A lot of the anxiety has been caused by driving to the doctor to get my knee checked out. You see, I have a phobia of driving, especially driving in the snow. I know, I know, Chicago is probably the wrong city for me. And it hasn’t snowed yet. All joking aside, I made myself drive to the doctor today--even with the threat of snow--because I’ve read or heard from multiple sources that the only way out of driving phobias is to move your way through them. I’m happy to report that I didn’t get into an accident. I didn’t even get honked at.

Schizoaffective Disorder and Worrying About My Knee

Driving to the doctor is not the only source of my anxiety surrounding my knee, though. I’m worried about my knee. I don’t know what’s wrong with it, though my general practitioner has suggested a torn meniscus, the cartilage that cushions the bones at the shin and thigh. The holidays are coming up, and I don’t want my knee to be messed up over the holidays. I get depressed just thinking about that.

I’ve seen two doctors about my knee, and I’ve had X-rays done. The X-rays show that I don’t have arthritis, so that’s a relief. Now I need to get a magnetic resonance imaging (MRI) scan done to look at the tissue inside the knee. I called a place to get the MRI done and it’s scheduled for next week.

Waiting for phone calls from doctors is also a big source of stress and anxiety for me, and a lot of that’s been going on as I try to figure out what’s wrong with my knee. I always thought having something wrong inside my head was worse than having something wrong with my body. But I’d never had something significantly wrong with my body like this before. Sure, it could be true that my mental illness is making this experience of having a knee problem worse. But I’ll never take my physical health for granted again.

Physical Complications of Verbal Abuse

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Although victims of verbal abuse do not have bruises or other physical scars, the effects of the abuse are still genuine. While anxiety and depression can result from verbal abuse, it is not the only side effect. In fact, many people who suffer at the hands of an abuser will have physical problems that stem from continuous verbal abuse. Knowing how abuse can affect your physical well-being is just one of the ways to help you maintain a healthier life.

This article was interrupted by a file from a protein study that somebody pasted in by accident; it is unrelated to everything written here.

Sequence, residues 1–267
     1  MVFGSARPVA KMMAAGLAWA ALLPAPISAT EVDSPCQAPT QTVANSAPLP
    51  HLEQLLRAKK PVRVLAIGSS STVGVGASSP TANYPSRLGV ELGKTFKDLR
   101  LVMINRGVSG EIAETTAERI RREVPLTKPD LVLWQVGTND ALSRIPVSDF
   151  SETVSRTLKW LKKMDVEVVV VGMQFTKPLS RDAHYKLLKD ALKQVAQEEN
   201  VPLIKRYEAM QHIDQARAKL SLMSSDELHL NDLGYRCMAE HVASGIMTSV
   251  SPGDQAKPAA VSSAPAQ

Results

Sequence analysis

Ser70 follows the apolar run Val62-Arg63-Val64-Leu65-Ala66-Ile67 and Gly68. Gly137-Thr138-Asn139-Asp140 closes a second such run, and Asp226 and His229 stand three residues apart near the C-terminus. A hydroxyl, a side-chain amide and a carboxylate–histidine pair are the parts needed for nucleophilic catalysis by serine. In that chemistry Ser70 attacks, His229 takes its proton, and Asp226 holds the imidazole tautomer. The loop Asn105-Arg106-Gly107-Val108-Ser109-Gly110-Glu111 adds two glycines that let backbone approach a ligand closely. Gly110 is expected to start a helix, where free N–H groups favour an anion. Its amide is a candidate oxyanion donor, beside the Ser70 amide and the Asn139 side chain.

Physical Symptoms of Verbal Abuse

You may wonder how verbal abuse can cause physical harm, but it is possible. Someone who regularly faces put-downs, insults, criticism, or degradation can develop physical ailments. These symptoms are the body's way of responding to circumstances that it cannot control.

Some physical problems verbal abuse victims may experience include: 

  • Stomach pains or digestion problems 
  • Nausea 
  • Dizziness 
  • Headaches or migraines 
  • Tension in the neck or shoulders
  • Back pain
  • Unexplainable aches or pains
  • Impotence in men
  • Miscarriages in women 

Even though verbal abuse victims do not carry bruises or visible wounds, their bodies may hurt just as much as their psyche does. 

How to Counteract Physical Symptoms 

For many individuals, physical symptoms appear because they have no way to resolve the negative feelings they have from verbal abuse. Much like those who keep anger bottled inside, anxiety, depression, or other emotional triggers that do not have an outlet for resolution and healing can manifest in physical signs. 

If you or someone you know is experiencing verbal abuse and dealing with one or many physical side effects, there are ways you can help minimize them.